- Major companies in Milwaukee and the metropolitan area include Briggs & Stratton, Alliance Federated Energy, Wisconsin Energy, residential and commercial water heater manufacturer A.O. Smith, Master Lock, and GE Healthcare Diagnostic Imaging and Clinical Systems.
- Colleges and universities in the Milwaukee area include Marquette University, Mount Mary University, University of Wisconsin - Milwaukee, and the Medical College of Wisconsin.
- Health care facilities in Milwaukee include St. Luke’s Medical Center, The Wisconsin Heart Hospital, and Ronald McDonald House.
- 36.4% of the people in Milwaukee hold a bachelor’s degree or higher.
- More than 92% of the people in Milwaukee are high school graduates or higher.
- Interstate highways intersecting Milwaukee include I-94 to Chicago, I-43, I-41, I-794, and I-894.
- The Port of Milwaukee is a global trade hub handling 2.3 million metric tons of cargo each year and serving southeastern Wisconsin, southeastern Minnesota, and northern Illinois.
- Freight rail providers Union Pacific Railway and Canadian Pacific Railway operate out of the Port.
- Passenger traffic at Mitchell International Airport in Milwaukee (MKE) exceeded seven million travelers prior to the pandemic, while freight cargo shipments at MKE grew by more than 3% to 84,000 tons.
Real estate market
Home sales in the Milwaukee metro area are on track for a record year, with a growing number of listings still not meeting demand. According to a report by the Biz Times, there is only enough inventory to meet 2.5 months of demand, indicating a continued strong sellers market in Milwaukee and the adjacent counties.
Key Market Stats:
- Zillow Home Value Index (ZHVI) for Milwaukee is $168,059 as of November 2021.
- Home values in Milwaukee have increased by 17.5% over the last year.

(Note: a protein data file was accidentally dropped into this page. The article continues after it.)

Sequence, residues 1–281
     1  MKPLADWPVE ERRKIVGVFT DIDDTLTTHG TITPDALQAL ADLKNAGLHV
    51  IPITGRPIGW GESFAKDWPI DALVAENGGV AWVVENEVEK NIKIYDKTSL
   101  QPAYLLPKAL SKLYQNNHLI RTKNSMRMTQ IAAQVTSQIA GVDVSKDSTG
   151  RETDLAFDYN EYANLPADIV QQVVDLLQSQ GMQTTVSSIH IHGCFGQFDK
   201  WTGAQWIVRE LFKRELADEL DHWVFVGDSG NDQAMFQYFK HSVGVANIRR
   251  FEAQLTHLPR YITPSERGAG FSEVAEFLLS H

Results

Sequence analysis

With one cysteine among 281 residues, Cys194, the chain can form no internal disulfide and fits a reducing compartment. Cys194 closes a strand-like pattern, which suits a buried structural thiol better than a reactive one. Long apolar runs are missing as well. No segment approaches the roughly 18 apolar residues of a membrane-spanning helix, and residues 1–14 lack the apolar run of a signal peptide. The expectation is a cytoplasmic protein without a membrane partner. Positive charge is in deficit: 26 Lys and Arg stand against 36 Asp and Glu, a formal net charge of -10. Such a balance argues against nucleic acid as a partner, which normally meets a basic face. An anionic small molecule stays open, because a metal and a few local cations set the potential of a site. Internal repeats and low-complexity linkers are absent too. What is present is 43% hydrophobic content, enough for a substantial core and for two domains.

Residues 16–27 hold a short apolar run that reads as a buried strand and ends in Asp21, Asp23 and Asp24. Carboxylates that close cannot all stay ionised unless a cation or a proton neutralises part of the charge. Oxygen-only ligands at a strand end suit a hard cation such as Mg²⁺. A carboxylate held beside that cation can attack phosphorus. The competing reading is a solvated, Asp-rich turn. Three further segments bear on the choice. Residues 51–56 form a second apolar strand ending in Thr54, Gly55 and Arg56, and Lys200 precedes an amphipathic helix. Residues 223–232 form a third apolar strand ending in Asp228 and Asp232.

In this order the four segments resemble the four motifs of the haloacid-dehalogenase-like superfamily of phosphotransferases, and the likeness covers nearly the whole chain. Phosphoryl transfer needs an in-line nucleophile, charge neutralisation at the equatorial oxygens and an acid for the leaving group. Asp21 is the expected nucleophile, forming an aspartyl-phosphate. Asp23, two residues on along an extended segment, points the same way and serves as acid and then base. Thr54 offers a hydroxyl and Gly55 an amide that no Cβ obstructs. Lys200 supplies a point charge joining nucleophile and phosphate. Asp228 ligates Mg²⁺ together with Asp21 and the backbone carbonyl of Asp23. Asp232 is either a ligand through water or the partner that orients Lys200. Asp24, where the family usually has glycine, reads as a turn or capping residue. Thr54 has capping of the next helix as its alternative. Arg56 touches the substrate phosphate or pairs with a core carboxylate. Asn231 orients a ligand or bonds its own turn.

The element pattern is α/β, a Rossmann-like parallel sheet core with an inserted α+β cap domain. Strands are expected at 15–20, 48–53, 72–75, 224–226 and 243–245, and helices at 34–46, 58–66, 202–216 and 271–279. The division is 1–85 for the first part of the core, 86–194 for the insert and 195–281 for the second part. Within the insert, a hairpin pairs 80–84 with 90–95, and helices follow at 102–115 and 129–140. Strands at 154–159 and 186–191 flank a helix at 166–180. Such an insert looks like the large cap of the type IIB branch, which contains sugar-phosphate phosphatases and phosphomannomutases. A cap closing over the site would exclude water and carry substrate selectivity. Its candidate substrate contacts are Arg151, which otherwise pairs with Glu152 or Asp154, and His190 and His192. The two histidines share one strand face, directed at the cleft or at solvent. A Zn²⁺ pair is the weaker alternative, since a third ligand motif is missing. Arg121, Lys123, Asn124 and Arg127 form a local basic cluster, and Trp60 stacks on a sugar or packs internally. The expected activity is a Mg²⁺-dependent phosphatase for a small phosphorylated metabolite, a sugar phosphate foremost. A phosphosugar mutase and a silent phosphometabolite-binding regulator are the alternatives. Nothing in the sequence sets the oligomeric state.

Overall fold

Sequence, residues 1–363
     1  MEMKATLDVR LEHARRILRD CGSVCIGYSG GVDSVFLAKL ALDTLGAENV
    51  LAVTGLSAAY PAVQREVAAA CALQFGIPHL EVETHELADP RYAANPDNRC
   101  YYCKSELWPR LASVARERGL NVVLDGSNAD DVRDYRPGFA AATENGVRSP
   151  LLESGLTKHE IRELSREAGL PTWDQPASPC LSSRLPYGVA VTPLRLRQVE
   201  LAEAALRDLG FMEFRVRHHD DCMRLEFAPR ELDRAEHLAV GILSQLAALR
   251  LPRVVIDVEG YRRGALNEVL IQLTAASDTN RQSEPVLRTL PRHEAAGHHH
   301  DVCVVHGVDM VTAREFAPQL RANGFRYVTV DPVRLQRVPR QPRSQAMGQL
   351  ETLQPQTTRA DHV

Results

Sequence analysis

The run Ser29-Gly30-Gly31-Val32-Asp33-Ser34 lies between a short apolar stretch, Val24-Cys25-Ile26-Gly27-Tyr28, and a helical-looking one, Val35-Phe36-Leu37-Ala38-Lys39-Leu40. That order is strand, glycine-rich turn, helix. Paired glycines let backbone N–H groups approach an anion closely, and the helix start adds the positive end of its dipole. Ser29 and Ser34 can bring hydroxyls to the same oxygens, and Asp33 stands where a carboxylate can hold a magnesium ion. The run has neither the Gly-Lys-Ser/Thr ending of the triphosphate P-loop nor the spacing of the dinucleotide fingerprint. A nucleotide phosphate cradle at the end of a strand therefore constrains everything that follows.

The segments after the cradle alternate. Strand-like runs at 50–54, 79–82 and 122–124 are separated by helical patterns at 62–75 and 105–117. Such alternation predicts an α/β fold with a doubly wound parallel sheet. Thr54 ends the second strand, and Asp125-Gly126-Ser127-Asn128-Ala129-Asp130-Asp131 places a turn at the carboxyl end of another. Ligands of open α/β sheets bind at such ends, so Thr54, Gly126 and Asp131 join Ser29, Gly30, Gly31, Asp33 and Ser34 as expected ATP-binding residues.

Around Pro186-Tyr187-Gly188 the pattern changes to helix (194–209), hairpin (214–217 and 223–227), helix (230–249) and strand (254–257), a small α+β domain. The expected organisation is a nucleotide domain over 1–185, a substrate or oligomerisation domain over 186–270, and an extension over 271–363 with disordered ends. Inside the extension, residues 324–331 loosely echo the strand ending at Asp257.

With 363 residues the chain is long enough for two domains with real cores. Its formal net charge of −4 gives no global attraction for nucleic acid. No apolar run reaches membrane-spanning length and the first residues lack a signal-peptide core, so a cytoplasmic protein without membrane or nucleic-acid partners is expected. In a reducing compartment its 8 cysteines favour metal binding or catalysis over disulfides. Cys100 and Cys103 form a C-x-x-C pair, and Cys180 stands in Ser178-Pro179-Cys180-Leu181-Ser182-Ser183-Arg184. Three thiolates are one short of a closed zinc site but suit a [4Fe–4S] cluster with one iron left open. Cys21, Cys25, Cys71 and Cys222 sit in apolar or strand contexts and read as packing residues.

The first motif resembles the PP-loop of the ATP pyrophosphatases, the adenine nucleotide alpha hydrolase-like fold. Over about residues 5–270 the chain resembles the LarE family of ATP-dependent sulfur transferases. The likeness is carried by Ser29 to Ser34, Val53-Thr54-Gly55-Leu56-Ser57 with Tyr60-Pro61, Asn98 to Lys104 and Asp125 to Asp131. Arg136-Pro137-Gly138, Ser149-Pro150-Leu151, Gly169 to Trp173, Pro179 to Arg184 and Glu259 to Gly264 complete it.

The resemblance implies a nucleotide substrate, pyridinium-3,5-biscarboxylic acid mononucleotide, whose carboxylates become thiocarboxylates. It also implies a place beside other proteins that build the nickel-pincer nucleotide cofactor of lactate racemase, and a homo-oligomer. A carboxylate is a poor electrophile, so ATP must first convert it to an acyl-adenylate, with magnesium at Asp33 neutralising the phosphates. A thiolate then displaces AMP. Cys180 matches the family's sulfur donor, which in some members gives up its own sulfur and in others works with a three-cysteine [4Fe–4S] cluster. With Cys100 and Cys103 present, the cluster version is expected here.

- Over the past five years home values in Milwaukee have increased by 74%.
- Median list price of a single-family home in Milwaukee is $172,700 based on the most recent report from Realtor.com (November 2021).
- Median listing price per square foot for a home in Milwaukee is $133.
- Days on market (median) is 51.
- Median sold price for a single-family home in Milwaukee is $177,000.
- Sale-to-list price ratio is 100%, which means that on average homes in Milwaukee are selling for the full asking price.
- Of the 176 neighborhoods in Milwaukee, Lower East Side is the most expensive with a median listing price of $287,400.
- Most affordable neighborhood in Milwaukee to buy a home is Franklin Heights where the median list price of a home is $35,600.
Strong renters’ market
The shortage of homes to rent in Milwaukee is making it difficult for some residents to find a place to live. As WTMJ-TV Milwaukee recently reported, rentals like single-family homes go pretty quickly, with some prospective tenants putting their names on waiting lists. One local property manager says the current demand for rental property in Milwaukee is unlike anything he has seen in the past 10 years.
The demand for rental property in Milwaukee is so strong that conversions of older buildings into apartments have reached an all time high. According to a recent report from WisBusiness, Milwaukee ranks among the top 10 cities nationally for repurposing buildings such as former factories and warehouses into apartments and rental units.
Key Market Stats:
- Median rent in Milwaukee for a 3-bedroom unit is $1,150 per month, according to Zumper (as of December 2021).
- Rents in Milwaukee have declined by 1% year-over-year.
- 33% of the rental units in Milwaukee rent for between $1,001 and $1,500 per month based on the most recent report by RENTCafé (October 2021).